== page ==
Data were reviewed to avoid typing errors or lost data and, at the same time the appropriate format for the variables was established; so that the hypothesis test was permitted by convenient methods; thus, the discrete variables were coded increasingly in regards to risk. The same criterion was applied to continuous variables by turning them into dichotomous or polytomous.

It was classified as a possible factor associated with MS to those patients who met at least 2 criteria of the International Diabetes Federation (FID) [11] .

This definition emphasizes the importance of central obesity. To define a person as carrying SM must sub- mit:

• Diameter of abdominal circumference > 94 in men and >80 in women or BMI > 30 and more than 2 of the following criteria;

• Total TG > 150 mg/dL or being on treatment;

• HDL cholesterol < 40 mg/dL in men and <50 in women or being on treatment;

• BP > 130/85 mmHg or being on treatment;

• Blood glucose > 110 mg/dl or a diagnosis of type 2 diabetes.

It was created a database in Epi Info 2005 (CDC, 2005) [18] with the information obtained from the selected population. The data was edited and revised by using descriptive statistics and using tests of normality, tests for trend (biological gradient) and the extreme or implausible data were removed.

2.3.3. Analysis

1) Descriptive statistics

The description of respondents included in this study was carried out by using frequency measurements with their respective confidence intervals for each stratum.

2) Single-variable analysis

A single-variable analysis was performed in an early stage of the study by using tables 2 × k, through which it was calculated the magnitude and direction of association between the event factors associated with SM with each independent variable via the odds ratios (Odds Ratio). Additionally the fraction attributable to each variable was calculated.

3) Multivariate analysis

They were included the variables that under the single-variable analysis had value p ≤ 0.25. It was followed a step by step reverse modeling strategy, based on the p value of the likelihood ratio test [19] . Both analyzes (single-variable and multivariate) were performed using the program EGRET® [20] .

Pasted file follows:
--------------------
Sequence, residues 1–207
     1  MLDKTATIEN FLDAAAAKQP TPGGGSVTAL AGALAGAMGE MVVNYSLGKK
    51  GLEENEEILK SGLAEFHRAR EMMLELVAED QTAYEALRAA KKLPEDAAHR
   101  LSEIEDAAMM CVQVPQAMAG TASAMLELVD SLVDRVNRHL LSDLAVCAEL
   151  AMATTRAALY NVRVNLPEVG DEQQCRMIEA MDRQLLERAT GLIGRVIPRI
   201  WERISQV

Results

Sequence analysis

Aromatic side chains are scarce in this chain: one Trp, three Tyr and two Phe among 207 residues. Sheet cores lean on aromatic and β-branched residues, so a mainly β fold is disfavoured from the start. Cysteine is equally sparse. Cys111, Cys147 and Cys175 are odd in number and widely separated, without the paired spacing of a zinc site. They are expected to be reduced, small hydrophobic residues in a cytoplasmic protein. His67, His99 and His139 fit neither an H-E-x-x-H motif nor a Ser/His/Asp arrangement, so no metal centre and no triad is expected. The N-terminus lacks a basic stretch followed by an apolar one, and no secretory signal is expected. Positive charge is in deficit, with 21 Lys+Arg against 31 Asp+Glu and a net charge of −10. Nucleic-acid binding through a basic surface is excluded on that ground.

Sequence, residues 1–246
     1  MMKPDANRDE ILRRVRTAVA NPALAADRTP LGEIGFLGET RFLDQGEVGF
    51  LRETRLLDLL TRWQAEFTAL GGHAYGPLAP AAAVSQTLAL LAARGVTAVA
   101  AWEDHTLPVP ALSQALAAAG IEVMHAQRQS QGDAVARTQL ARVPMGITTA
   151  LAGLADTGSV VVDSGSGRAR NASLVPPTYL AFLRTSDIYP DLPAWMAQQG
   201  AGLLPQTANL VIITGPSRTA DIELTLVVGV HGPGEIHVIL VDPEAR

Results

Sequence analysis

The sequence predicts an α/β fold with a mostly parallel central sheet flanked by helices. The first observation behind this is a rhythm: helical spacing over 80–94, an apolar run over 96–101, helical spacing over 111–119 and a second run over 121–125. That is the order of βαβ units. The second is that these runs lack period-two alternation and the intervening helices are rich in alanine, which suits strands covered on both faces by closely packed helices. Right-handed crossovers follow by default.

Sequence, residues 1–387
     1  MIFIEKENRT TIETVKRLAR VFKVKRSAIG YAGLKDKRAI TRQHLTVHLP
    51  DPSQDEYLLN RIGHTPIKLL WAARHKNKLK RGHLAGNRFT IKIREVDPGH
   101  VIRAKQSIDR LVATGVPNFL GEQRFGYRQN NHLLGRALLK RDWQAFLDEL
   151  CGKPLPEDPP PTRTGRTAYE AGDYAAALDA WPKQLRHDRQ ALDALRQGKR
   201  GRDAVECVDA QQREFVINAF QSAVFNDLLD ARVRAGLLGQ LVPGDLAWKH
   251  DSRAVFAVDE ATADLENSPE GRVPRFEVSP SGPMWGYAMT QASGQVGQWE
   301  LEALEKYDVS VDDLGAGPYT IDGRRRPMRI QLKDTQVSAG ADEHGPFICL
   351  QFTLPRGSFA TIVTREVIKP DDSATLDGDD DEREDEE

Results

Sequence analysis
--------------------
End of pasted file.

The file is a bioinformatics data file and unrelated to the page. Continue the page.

3. Results

3.1. Descriptive Analysis

San Jose Province had the highest percentage of participants with 40.7%, followed by 26.0% Heredia and Alajuela with 24.9%, while the province of Limon contributed only 0.4%. Most respondents are Costa Rican with 94.0% also females predominated with 72.6%.

In this table it is also presented the percentages of marital status and age groups with their respective confidence intervals as shown in (Table 1).

Table 2 shows the history of Diabetes Mellitus and Hypertension with their percentages, also the percent- tages of respondents with blood pressure, body mass index and glucose with their respective confidence intervals.

Table 1. Distribution of participants at Mexico Hospital who were included in the study to determine risk factors associated to metabolic syndrome, (Health Fair February 19 to 22, 2007), according to province, nationality, sex, marital status and age.

Table 2. Distribution of participants at Mexico Hospital who were included in the study to determine risk factors associated to metabolic syndrome, (Health Fair February 19 to 22, 2007), According to history of diabetes mellitus, antecedents of blood hypertension and body mass index.

3.2. Single-Variable Analysis

It was determined in the single-variable analysis (Table 3) that the antecedents of diabetes mellitus, arterial hypertension is not a factor that significantly influences relating to SM (p > 0.05); it also showed that categorized age was indeed associated significantly ( based on α value of 0.05) with the SM based on the age group of 46 - 65 years (OR: 8.7, 95% CI 1.9 - 38.5, p < 0.01), also in those > 65 years (OR : 15.7, 95% CI 3.0 - 82.5, p < 0.01).